CHRIS MOORE — Learning about Black history should not be limited to a month
Published 12:06 am Wednesday, February 23, 2022
When I was in college, my United States History classes were broken down into two courses. We had one semester to learn about the country from the Revolutionary War up to Reconstruction, and the second course went from Reconstruction up to present day.
That was roughly six months dedicated to nearly 250 years of history, and that amount of time allowed us to only scratch the surface of many important events and figures that shaped the nation.
Black History Month started as a week back in the early 1900s as away to celebrate historical figures and movements.
Over the decades, colleges began celebrating the entire month before President Gerald Ford officially recognized Black History Month in 1976.
The movement was largely established due to the lack of time spent in classrooms learning about Black leaders and events that impacted Black communities.
Unfortunately, since the national recognition of the month, we have seemed to limit our learning of such events to that one month, if we learn any at all. In Indiana, an elementary school reportedly allowed parents to opt out of lessons surrounding the month.
After a picture of the permission slip circulated online, the school responded by saying they do not allow parents to opt out of lessons.
Many would agree that is too far, but how much do students actually learn during the month. With so little time, we tend to regurgitate the same three or four figures and boil down their message to something so unthreatening that most students just know that Martin Lutheran King Jr. had a dream and wanted people to be treated equally.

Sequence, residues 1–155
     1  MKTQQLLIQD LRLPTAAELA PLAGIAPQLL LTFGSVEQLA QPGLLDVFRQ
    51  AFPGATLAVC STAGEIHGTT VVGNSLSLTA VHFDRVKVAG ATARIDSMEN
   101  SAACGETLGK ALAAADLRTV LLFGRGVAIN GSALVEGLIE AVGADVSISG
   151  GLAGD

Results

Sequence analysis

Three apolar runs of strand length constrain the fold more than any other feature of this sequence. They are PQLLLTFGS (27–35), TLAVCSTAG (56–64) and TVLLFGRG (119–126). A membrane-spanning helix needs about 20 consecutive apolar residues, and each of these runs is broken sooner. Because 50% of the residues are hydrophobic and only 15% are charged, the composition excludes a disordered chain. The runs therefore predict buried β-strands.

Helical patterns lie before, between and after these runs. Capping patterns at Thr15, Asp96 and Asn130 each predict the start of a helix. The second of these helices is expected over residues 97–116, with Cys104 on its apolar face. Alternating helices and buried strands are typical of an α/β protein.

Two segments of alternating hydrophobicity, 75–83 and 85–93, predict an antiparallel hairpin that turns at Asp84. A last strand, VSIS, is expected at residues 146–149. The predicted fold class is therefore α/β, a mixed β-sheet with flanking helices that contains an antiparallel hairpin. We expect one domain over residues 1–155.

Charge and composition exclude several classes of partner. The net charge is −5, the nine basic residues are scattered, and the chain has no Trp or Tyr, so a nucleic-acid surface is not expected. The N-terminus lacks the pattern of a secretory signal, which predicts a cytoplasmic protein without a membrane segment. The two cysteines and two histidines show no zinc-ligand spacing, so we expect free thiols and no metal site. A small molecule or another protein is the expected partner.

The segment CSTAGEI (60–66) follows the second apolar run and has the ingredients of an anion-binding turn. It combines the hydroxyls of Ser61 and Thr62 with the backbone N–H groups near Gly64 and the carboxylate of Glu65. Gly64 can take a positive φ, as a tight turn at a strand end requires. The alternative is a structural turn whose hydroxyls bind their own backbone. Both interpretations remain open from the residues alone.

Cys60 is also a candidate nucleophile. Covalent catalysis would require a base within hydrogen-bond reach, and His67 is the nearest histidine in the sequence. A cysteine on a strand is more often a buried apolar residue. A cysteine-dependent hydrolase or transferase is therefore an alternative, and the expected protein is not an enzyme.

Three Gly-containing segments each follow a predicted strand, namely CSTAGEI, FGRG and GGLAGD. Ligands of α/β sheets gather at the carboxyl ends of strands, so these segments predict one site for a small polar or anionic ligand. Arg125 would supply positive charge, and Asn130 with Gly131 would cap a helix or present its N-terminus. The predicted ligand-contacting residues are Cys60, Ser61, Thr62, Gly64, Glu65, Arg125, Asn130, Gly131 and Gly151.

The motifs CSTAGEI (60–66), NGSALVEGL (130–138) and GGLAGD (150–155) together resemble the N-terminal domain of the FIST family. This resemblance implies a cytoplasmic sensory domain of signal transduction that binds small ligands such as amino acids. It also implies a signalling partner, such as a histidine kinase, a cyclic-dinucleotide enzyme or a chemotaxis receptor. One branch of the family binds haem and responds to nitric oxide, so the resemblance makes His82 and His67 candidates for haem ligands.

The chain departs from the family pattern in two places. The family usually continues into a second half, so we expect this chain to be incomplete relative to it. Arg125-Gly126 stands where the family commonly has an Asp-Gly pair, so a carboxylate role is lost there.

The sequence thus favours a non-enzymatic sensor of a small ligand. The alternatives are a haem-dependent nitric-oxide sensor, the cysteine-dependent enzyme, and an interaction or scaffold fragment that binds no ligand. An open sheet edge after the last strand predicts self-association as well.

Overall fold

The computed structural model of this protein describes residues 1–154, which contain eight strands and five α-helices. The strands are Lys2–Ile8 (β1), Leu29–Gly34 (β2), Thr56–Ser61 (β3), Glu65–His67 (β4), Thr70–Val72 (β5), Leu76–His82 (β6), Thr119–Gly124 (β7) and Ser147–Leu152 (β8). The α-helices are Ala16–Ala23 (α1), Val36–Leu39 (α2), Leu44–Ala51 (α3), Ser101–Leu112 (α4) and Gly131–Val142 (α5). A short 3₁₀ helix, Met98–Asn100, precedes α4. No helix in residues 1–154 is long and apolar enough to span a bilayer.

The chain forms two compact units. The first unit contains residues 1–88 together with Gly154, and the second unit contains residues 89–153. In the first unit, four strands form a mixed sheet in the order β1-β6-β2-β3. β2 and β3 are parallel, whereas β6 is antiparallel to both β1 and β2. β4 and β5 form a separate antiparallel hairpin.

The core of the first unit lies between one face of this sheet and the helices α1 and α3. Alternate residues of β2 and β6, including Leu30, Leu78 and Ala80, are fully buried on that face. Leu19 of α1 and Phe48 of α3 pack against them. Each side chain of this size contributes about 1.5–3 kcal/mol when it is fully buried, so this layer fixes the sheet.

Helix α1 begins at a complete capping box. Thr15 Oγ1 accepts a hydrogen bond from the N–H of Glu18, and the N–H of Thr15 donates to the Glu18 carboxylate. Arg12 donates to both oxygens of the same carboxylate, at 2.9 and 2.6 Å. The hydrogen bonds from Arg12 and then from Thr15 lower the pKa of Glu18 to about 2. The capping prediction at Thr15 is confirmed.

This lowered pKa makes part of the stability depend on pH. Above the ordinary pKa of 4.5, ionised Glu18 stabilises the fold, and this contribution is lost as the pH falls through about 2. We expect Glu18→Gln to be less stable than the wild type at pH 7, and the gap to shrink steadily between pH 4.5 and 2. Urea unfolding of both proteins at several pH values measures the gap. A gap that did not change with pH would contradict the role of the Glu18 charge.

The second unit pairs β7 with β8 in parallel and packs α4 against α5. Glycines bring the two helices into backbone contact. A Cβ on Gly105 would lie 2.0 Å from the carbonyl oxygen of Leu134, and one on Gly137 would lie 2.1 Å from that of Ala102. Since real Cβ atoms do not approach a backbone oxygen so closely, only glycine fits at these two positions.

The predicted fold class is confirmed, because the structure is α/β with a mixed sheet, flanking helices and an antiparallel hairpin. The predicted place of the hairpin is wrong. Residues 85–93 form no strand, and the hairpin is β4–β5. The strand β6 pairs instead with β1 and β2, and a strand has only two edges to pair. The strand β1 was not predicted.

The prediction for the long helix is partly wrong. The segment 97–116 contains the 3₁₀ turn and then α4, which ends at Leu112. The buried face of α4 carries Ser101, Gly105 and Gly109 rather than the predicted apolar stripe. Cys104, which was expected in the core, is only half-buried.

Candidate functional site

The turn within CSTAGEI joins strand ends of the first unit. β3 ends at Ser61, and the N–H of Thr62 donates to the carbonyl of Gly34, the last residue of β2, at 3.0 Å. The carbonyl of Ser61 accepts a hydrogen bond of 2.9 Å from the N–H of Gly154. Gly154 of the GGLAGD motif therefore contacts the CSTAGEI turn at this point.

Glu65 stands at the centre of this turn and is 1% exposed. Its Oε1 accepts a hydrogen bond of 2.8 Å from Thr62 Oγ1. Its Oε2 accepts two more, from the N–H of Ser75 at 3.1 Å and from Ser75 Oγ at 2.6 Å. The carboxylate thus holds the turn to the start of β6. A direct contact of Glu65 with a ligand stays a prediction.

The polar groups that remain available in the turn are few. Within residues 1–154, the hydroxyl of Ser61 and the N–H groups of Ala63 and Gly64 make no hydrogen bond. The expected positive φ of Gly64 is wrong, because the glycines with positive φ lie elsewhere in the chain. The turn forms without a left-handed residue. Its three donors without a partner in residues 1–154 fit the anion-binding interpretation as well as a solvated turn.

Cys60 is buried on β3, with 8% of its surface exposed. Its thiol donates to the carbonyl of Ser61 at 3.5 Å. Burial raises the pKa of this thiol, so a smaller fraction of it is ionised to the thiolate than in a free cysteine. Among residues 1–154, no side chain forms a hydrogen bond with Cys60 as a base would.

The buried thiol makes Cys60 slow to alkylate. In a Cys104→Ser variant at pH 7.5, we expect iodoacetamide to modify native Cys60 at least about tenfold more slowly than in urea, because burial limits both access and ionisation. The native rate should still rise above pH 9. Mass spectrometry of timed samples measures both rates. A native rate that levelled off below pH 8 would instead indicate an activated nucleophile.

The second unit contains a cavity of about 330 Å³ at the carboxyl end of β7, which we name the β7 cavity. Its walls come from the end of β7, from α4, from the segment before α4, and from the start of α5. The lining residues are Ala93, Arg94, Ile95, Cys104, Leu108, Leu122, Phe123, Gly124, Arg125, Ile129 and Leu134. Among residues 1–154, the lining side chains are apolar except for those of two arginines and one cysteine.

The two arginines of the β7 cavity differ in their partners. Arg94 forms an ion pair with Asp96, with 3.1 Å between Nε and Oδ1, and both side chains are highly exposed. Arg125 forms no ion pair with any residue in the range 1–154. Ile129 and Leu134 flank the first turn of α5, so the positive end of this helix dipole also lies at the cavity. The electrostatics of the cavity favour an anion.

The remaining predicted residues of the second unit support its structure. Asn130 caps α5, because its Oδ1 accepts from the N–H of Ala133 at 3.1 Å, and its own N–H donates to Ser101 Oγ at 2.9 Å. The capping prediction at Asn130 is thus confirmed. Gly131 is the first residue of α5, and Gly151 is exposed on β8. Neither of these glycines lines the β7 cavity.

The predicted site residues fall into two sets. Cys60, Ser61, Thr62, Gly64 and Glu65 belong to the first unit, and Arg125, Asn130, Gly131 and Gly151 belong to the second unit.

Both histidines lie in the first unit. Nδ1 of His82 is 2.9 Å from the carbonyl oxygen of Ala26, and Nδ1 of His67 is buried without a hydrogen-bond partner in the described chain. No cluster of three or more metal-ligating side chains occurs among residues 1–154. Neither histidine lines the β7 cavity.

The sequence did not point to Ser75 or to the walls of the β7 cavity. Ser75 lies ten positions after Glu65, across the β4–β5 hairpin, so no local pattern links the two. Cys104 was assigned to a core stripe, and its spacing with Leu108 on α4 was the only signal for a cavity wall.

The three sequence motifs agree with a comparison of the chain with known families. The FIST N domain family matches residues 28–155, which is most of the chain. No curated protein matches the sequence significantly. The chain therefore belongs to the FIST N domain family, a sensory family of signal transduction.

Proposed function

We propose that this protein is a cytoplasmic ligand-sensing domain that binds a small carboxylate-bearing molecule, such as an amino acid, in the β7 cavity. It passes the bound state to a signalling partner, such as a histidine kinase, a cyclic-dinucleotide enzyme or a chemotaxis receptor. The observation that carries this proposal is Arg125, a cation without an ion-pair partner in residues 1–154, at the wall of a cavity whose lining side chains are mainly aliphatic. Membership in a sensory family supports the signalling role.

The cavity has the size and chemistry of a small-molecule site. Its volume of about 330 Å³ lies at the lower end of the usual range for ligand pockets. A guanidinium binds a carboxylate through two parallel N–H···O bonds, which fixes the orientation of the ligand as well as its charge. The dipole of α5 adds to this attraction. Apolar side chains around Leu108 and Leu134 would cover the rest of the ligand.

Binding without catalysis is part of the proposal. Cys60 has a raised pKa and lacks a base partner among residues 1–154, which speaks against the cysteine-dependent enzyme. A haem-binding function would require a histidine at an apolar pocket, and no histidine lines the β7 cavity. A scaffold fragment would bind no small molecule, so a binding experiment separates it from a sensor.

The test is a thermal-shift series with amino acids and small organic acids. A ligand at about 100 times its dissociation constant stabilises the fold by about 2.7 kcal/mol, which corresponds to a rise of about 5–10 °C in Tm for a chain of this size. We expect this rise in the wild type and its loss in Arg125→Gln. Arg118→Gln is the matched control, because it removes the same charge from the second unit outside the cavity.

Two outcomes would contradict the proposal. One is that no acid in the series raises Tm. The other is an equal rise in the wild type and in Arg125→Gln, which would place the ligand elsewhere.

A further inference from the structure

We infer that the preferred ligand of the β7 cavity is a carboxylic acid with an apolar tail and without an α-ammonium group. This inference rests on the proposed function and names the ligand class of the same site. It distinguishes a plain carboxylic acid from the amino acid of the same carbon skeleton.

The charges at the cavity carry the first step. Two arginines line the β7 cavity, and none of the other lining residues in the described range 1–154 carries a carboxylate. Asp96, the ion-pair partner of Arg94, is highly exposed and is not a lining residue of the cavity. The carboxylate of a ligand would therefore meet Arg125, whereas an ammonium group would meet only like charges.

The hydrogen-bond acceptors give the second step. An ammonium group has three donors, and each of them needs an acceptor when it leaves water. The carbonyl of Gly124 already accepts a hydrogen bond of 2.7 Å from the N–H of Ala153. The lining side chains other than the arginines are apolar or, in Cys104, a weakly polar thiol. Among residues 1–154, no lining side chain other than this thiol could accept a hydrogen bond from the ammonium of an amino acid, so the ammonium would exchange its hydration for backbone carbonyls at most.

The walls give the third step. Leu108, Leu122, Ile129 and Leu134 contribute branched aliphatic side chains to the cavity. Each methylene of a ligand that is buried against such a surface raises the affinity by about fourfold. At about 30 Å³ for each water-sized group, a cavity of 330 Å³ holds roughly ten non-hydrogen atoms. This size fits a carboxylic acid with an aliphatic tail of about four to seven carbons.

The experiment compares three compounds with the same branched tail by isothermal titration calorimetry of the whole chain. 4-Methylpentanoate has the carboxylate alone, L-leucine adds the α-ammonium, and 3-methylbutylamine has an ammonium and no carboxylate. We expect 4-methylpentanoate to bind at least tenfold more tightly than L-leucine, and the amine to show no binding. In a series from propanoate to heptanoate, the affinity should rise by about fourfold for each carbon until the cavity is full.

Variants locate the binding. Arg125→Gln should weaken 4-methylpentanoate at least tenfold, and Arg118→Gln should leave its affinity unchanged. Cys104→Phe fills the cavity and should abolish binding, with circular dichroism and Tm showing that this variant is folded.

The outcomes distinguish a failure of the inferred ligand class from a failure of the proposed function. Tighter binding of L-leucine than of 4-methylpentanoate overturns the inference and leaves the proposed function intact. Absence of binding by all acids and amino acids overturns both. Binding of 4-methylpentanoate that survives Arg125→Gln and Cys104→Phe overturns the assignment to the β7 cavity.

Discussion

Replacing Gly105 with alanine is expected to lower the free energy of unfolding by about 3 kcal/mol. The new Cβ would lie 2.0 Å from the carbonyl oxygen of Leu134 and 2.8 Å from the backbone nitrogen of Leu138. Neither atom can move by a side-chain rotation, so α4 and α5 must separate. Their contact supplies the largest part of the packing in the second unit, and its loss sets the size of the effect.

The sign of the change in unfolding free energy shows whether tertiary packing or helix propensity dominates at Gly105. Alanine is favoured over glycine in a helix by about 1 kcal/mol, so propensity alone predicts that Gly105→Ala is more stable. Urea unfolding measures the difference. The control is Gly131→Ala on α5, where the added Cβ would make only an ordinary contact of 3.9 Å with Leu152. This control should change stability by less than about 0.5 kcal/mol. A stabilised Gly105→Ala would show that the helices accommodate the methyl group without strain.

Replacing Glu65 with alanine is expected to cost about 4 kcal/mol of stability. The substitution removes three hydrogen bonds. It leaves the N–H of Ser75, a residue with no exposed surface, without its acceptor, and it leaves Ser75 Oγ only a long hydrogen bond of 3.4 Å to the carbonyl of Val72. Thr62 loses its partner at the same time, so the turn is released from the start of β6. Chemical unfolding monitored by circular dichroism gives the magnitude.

Most people don’t remember or learn this part of the speech:
“But 100 years later, the Negro still is not free. One hundred years later, the life of the Negro is still sadly crippled by the manacles of segregation and the chains of discrimination. One hundred years later, the Negro lives on a lonely island of poverty in the midst of a vast ocean of material prosperity. One hundred years later the Negro is still languished in the corners of American society and finds himself in exile in his own land. And so we’ve come here today to dramatize a shameful condition. In a sense we’ve come to our nation’s capital to cash a check.”
At the time, research polls showed that a vast majority of white Americans thought King was asking for too much and believed that life was fairly equal for both races.
Polls today show a similar belief even as protests break out in streets.
The necessity to learn about Black history is not to simply understand the achievements of certain people and movements. It is also to understand where we are in a historical context.
I was an adult before I learned about the Beaumont Race Riot of 1943. I grew up in Beaumont and had to learn about it on the internet.
As March nears, remember to not limit your time of learning to one month.
Chris Moore is the sports editor for Port Arthur Newsmedia. He can be reached at email@example.com.